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Regina city manager says court action was "humiliating and intimidating"

Regina City Manager Niki Anderson speaks to reporters after the court action against her by two Councillors is tossed from King’s Bench.
Niki Anderson is seen speaking to reporters Dec. 15 as she reacts to the end of the lawsuit that had been launched against her by two members of council.

REGINA - Regina City Manager Niki Anderson is clearly still stinging, even though the court action against her was thrown out this week.

"I'll just start out by saying, wow, what a first month it's been," Anderson said to reporters Thursday. "Moved to a new city, started a new job, got sued by one of my employers. Ended up with one of my dogs going half blind, then got vindicated by the courts and now we're on the budget."

On Wednesday, Justice John Morrall tossed out a King's Bench mandamus application that would have ordered Anderson to include homeless funding in the 2023 budget. Morrall's 38-page ruling was an almost total rebuff of the submissions filed by Councillor Dan LeBlanc as lawyer and Councillor Andrew Stevens as a co-applicant, and of the arguments by LeBlanc in court.

Despite that vindication, Anderson clearly still had hard feelings about what she had gone through in her first month on the job in Regina.

"As a new employee of the city of Regina, I found the actions of Councillor LeBlanc and Councillor Stevens to be humiliating and intimidating. As the judge said in the court findings, polite inquiry would have been of greater assistance and likely more effective than suing the city manager for breach of duty on day 21 of her employment with the city."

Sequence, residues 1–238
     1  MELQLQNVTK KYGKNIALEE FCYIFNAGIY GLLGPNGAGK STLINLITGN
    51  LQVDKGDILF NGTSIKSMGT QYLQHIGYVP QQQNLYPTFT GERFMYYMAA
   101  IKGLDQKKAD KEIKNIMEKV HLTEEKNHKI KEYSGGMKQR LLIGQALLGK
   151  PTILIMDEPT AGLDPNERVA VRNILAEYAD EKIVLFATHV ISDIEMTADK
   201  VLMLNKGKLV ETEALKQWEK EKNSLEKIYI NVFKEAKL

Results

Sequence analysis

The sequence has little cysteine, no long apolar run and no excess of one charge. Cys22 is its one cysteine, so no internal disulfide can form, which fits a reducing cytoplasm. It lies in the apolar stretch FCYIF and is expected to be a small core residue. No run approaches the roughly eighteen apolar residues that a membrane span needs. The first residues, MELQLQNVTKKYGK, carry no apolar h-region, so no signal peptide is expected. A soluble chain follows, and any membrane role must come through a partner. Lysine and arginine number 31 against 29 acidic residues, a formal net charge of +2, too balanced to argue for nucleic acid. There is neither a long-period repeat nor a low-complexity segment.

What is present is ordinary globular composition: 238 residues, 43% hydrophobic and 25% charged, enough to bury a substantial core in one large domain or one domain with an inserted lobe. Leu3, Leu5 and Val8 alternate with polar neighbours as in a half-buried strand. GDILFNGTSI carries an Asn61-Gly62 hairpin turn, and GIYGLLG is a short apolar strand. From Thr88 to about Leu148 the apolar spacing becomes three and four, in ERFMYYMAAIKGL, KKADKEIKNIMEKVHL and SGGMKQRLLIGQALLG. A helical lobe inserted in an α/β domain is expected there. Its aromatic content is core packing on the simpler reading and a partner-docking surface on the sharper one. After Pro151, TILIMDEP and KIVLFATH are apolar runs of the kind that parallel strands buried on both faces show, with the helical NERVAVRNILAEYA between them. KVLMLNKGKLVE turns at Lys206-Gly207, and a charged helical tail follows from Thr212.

Anderson also made it known took offence to being continually referred to as the "unelected city manager." She pointed out she had been unanimously hired by council.

She said she took "great affront with the idea that I was unilaterally going against all of council and it was almost like I was in a room alone making decisions. That was not the case."

"Counsellor LeBlanc said, elected officials should be running the show. And I want to be clear with everyone that they are running the show. I think that from my perspective what the issue was was Councillor LeBlanc felt that his perspective was the perspective of all councillors, and indeed it was not."

Anderson added that she found the support she received from other members of council "to be incredibly kind, supportive, and reassuring," referring to the motion of confidence in her that had been passed by council.

She said she "deeply deeply appreciated how they reached out to me with the motion of confidence, and I fully acknowledge, and I think I want all residents to know that councillors can vote, have confidence in what I do, and want more funds going to homelessness and perhaps a different approach. This idea that they are mutually exclusive, not true."

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